No, GM Is Not Losing $49K On Every Volt; Reuters Just Fails at Basic Business Math
If there's one characteristic that distinguishes conservatives from liberals, it's business acumen, right? Libruls may occasionally be able to sell some patchouli-scented hemp-based iPod cozies at the Lesbian Sisterhood crafts fair, but conservatives are the folks who REALLY understand how Bidness works! That's pretty much the premise of every Republican campaign in the last 30 years, after all. So how is it that when a journalist made a pretty obvious error in a story, the supposedly business-savvy folks in the right-wing blogosphere went nuts passing on the story's erroneous conclusions?
Here's the skinny: A Reuters story on Monday featured this shocking lede:
General Motors Co sold a record number of Chevrolet Volt sedans in August — but that probably isn't a good thing for the automaker's bottom line.
Nearly two years after the introduction of the path-breaking plug-in hybrid, GM is still losing as much as $49,000 on each Volt it builds...
ZOMG, said the wingnutosphere, Government Motors (get it? get it?) is losing tons of money -- our money!! -- on every single one of those horrible cars that nobody wants and that Obama's socialist vehicular commissars forced GM to build as a condition of getting a bailout with OUR MONEEEEEE!!!!!!!
Only that's not, like, accurate at all.
As this International Business Times analysis points out -- with the kind of patient tone one would use when telling a five year old that, no, the department store's escalator will not eat your feet -- the Reuters loss-per-vehicle estimate is based on crappy math that NO ONE IN BUSINESS WOULD REALLY USE. (Caution: Math follows. Do not be afraid. We understood it, and we were English majors.)
Reuters derived its loss-per-unit estimate by dividing the total development cost for the Volt (between $1 billion and $1.2 billion) by the number of Volts sold to date (about 21,500 so far), then adding in the estimated production cost per car ("between $20,000 and $32,000, a wide margin to be sure") and subtracting the price for which each Volt sells (base price $39,145), which gave them that $49,000 loss figure.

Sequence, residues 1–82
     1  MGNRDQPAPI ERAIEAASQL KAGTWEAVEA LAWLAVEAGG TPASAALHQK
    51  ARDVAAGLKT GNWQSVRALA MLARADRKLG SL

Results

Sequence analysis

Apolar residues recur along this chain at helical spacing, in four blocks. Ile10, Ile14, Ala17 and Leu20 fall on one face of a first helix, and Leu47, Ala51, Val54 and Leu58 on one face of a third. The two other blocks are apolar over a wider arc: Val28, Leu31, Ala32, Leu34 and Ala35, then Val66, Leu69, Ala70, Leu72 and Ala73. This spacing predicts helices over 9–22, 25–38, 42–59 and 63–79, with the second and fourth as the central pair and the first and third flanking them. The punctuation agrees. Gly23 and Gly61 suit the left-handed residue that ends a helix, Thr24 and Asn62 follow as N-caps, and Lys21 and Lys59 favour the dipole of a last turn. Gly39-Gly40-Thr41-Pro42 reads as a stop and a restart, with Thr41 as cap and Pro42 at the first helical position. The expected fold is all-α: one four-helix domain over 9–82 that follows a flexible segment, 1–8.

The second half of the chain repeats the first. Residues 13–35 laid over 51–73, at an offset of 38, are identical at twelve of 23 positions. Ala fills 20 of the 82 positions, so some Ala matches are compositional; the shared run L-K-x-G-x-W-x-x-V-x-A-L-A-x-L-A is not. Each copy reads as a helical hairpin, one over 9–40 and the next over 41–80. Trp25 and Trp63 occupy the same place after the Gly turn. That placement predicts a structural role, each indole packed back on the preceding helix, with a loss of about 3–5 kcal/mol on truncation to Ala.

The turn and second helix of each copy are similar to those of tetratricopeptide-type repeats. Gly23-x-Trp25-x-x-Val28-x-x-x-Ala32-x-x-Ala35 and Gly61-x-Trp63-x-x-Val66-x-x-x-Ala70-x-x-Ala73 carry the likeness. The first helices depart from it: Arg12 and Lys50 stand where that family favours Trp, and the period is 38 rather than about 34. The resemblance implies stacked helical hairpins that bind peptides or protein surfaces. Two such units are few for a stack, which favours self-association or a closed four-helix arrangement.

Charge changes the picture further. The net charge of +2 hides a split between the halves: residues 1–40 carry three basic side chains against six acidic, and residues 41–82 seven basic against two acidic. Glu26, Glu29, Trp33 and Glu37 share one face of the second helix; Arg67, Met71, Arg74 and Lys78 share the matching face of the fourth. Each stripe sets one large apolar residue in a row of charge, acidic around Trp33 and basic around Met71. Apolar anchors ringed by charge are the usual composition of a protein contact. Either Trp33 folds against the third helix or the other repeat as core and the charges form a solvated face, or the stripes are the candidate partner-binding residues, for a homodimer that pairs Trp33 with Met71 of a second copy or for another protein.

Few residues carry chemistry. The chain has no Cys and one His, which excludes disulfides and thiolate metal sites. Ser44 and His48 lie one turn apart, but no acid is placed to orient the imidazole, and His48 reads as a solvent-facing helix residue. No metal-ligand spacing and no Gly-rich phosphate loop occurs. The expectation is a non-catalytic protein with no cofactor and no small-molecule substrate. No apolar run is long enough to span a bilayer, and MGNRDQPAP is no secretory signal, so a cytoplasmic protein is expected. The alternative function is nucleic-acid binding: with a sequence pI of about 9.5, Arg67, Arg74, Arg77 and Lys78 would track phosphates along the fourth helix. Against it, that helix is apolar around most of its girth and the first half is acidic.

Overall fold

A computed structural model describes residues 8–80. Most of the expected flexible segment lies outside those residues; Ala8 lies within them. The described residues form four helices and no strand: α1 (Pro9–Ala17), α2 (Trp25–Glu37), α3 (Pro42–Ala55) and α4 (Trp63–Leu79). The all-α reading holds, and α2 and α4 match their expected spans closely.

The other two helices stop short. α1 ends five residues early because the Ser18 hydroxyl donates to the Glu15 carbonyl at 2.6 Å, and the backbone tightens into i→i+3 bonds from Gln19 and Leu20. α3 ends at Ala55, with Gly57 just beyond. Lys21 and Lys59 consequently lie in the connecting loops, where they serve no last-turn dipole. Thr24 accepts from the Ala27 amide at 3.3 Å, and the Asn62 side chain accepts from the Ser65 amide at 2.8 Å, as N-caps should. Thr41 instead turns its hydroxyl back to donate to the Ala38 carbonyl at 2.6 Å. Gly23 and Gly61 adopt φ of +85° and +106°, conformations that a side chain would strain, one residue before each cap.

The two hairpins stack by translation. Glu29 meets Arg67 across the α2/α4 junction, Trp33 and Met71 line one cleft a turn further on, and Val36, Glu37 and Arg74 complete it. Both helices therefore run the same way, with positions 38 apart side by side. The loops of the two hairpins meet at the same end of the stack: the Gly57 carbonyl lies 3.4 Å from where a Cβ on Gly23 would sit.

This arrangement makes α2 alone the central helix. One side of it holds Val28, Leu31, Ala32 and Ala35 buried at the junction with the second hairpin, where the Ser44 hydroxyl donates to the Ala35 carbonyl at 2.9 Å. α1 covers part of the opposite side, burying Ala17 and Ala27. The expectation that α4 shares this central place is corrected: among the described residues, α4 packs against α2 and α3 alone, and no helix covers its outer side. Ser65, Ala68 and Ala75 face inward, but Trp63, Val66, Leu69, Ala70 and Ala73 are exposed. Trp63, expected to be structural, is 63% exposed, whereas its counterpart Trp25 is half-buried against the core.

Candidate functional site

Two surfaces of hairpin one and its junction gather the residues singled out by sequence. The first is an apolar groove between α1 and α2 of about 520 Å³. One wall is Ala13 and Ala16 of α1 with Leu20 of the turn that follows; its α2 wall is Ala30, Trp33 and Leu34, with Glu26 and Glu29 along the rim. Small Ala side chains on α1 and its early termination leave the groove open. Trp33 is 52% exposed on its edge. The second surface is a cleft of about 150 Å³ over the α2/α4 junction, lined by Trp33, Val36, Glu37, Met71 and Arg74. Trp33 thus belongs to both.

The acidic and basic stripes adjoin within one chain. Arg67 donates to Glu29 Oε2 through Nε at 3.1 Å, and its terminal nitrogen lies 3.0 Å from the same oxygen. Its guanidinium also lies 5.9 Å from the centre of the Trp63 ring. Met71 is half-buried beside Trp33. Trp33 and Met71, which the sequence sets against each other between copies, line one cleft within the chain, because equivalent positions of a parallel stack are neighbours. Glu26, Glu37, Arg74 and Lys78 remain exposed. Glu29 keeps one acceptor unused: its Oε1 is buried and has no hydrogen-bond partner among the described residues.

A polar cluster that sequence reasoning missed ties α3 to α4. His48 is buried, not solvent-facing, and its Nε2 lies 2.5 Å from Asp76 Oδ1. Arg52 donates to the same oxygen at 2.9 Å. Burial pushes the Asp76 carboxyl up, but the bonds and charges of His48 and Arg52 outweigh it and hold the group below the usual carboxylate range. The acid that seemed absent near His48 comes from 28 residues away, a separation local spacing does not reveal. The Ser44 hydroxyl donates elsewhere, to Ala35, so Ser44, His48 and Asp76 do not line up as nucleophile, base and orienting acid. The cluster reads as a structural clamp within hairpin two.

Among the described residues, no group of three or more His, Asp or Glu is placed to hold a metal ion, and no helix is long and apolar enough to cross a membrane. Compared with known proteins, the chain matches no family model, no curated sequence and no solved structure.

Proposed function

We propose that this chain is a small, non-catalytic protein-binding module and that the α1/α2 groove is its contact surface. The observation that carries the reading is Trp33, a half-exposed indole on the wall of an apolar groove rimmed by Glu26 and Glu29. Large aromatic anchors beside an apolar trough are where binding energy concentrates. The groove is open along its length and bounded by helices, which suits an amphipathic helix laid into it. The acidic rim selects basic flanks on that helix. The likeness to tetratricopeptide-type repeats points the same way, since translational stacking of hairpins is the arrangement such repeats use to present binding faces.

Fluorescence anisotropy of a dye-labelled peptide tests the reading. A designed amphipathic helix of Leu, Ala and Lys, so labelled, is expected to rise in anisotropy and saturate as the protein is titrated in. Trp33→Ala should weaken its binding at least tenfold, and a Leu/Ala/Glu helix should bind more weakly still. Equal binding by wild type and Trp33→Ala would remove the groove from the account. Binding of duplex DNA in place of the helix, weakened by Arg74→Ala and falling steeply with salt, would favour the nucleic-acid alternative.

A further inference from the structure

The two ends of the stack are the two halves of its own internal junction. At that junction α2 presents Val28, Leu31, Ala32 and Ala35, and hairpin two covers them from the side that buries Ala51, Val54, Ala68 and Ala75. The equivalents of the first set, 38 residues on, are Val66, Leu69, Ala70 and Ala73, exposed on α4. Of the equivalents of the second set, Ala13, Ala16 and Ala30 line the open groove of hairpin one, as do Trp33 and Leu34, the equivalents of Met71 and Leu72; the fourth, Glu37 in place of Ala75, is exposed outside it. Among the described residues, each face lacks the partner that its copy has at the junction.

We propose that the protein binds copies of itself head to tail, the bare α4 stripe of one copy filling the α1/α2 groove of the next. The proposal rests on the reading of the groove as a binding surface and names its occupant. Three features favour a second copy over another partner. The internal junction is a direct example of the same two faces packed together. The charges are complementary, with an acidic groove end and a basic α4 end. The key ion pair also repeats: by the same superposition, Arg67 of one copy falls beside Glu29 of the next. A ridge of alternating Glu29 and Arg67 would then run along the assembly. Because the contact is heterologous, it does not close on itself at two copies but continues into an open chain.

Unfortunately, Reuters screwed the mathematical pooch in that first bit of ciphering:
The issue with Reuters' math, though, is that it only takes into account the 21,500 Volts sold so far, as if GM would never sell another one. If that is taken to be true, then each Volt sold has cost GM around $55,000 in development costs. However, each Volt sold spreads out the development costs incrementally, pushing down the R&D cost per unit. GM has acknowledged that it has not yet sold enough Volts to break even, but it suspects that it will reach the break-even point by the time the second- generation Volt is introduced onto the market in about three years' time.
Once again, we must emphasize that we are mushy-headed liberal arts majors, not business majors, but it seems like a pretty major fail to assume that the development costs of a new technology represent an irrecoverable loss. And the Reuters story even acknowledges (about halfway through) that the average per-unit costs for "development and tooling costs...will, of course, come down as more Volts are sold."
But look at the capitalism experts at sites like The Blaze, or Free Republic, or Townhall, or the hideously named "Twitchy.com" -- The typical comment goes something like this: "They're losing $50K per car, but don't worry, they'll make it up in volume!!! HAW HAW HAW!" Um. Yeah. Actually, that is how development costs work. We thought you guys understood business?
The decision to develop the Volt, by the way, was entirely GM's, and the program began in 2007. Just another example of time-travelling Obama interfering with private industry, we suppose.
Strangely, it seems like maybe the crazy libruls might understand manufacturing a bit more clearly when it comes to this story:
As the blog InsideEVs pointed out, rather sarcastically, in response to the Reuters feature, "In a related news item, I heard that Ford has delivered the first dozen C-Max hybrids, and it cost the company about $500 million to develop the program, and therefore Ford is losing $41,666,667 on every copy they sell."
So remember, conservatives understand how businesses really work. And math is hard.